Eric Sinrod - Legal Technology - Technologist
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Eric Sinrod

Eric Sinrod is a partner in the San Francisco office of Duane Morris LLP (http://www.duanemorris.com) where he focuses on litigation matters of various types, including information technology and intellectual property disputes. His Web site is http://www.sinrodlaw.com and he can be reached at ejsinrod@duanemorris.com. To receive a weekly email link to Mr. Sinrod's columns, please send an email to him with Subscribe in the Subject line.

These columns are prepared and published for informational purposes only and should not be construed as legal advice. The views expressed in these columns are those of the author and do not necessarily reflect the views of the author's law firm or its individual partners.



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FindLaw columnist Eric Sinrod writes regularly in this section on legal developments surrounding technology and the Internet.

This blog for years has highlighted the potential risks and liabilities presented by communications and activities on the Internet. The Internet provides the possibility of privacy violations, security breaches, intellectual property disputes, defamation, hack attacks, and even cyber warfare, among other threats.

So what should companies do to be as safe as possible as they conduct business over the Internet?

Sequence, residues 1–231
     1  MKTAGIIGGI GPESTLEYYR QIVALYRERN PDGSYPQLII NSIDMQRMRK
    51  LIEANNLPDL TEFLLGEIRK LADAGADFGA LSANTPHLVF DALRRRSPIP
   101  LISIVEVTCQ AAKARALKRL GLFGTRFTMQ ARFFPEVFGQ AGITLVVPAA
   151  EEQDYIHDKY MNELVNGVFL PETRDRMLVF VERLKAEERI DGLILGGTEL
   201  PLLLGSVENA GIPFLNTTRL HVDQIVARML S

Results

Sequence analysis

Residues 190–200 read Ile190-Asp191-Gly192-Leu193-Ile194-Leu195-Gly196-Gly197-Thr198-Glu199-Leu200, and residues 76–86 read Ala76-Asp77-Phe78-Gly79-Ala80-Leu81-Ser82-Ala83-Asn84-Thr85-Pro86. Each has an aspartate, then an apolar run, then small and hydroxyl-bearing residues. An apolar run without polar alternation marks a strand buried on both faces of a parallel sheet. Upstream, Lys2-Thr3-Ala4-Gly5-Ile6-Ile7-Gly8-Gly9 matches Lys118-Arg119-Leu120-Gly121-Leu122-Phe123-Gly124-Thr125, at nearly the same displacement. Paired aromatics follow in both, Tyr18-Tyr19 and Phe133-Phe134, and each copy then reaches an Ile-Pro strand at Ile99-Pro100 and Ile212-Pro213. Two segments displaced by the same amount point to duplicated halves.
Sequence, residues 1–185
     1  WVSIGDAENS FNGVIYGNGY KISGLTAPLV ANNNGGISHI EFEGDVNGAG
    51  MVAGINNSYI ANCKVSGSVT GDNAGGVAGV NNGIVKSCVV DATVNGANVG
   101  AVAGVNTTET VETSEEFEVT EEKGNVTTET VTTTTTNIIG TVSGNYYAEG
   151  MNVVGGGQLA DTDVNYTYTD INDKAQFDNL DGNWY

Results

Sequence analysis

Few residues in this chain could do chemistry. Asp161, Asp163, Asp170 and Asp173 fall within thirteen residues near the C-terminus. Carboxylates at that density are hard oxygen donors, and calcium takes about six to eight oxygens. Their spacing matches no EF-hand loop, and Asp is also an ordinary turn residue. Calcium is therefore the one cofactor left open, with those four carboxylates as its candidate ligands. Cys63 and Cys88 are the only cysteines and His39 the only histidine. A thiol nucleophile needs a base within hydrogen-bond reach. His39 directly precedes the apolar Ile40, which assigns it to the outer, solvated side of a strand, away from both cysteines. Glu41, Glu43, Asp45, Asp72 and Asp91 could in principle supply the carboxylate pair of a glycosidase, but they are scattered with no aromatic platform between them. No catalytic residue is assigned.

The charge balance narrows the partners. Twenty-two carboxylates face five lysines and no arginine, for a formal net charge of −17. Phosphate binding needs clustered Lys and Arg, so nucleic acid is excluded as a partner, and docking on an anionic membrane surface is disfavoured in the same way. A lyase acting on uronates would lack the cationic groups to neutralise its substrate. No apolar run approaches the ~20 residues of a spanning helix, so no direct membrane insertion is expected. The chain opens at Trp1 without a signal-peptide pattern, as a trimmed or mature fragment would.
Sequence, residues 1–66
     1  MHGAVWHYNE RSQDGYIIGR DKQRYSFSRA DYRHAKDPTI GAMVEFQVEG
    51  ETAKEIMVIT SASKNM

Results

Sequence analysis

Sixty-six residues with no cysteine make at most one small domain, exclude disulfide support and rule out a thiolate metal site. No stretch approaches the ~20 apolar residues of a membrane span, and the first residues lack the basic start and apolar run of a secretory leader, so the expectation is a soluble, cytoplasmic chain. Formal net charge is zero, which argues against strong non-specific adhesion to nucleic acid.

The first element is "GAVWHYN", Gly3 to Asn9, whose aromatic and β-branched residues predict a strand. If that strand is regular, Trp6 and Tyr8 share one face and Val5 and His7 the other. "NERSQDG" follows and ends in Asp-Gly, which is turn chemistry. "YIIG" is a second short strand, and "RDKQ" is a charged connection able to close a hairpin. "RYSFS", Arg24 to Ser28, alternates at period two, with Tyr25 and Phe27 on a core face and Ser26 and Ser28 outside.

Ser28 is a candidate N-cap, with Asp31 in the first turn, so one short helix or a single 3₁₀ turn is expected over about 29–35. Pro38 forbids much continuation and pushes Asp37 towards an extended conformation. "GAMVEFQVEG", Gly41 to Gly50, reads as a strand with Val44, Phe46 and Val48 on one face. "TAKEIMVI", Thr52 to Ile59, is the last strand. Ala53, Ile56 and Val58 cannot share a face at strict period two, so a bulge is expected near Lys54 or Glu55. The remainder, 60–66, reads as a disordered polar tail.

FindLaw columnist Eric Sinrod writes regularly in this section on legal developments surrounding technology and the Internet.

Recently, this blog has touched on how warfare between nations in the digital era includes cyberattacks. And now, just as we already are feeling less than safe, the United Nations Office of Drugs and Crime (the UNODC) has released some homicide statistics that can make us feel even more vulnerable.

According to the UNODC study, as many as 437,000 people were murdered around the world in 2012 alone. Here's what else the study found:

FindLaw columnist Eric Sinrod writes regularly in this section on legal developments surrounding technology and the Internet.

This blog recently discussed whether international mechanisms exist to award damages caused by potential cyberwars. And now it appears that a cyberwar actually is taking place with respect to Ukraine.

Press accounts have been rampant in terms of the turmoil over Crimea, Russia, and Ukraine. And while there have been possible threats of physical force, there also have been reports of disruption of mobile communications as a result of distributed denial of service (DDoS) attacks.

FindLaw columnist Eric Sinrod writes regularly in this section on legal developments surrounding technology and the Internet.

In early 2012, the United States sought a World Trade Organization (WTO) consultation regarding China's restrictions on the export of tungsten and molybdenum -- forms of "rare earths." These rare earths are raw materials that are used in the production of some electronics products. Subsequently, the European Union, Japan and Canada requested to join the consultation. China then accepted the request for a WTO consultation.

In support of the restrictions, China argued that they are related to the conservation of exhaustible natural resources. China also asserted that they are needed to reduce mining pollution.

The complaining countries strongly disagreed, arguing that the restrictions really were designed to provide protected access to the subject materials to Chinese industries.

FindLaw columnist Eric Sinrod writes regularly in this section on legal developments surrounding technology and the Internet.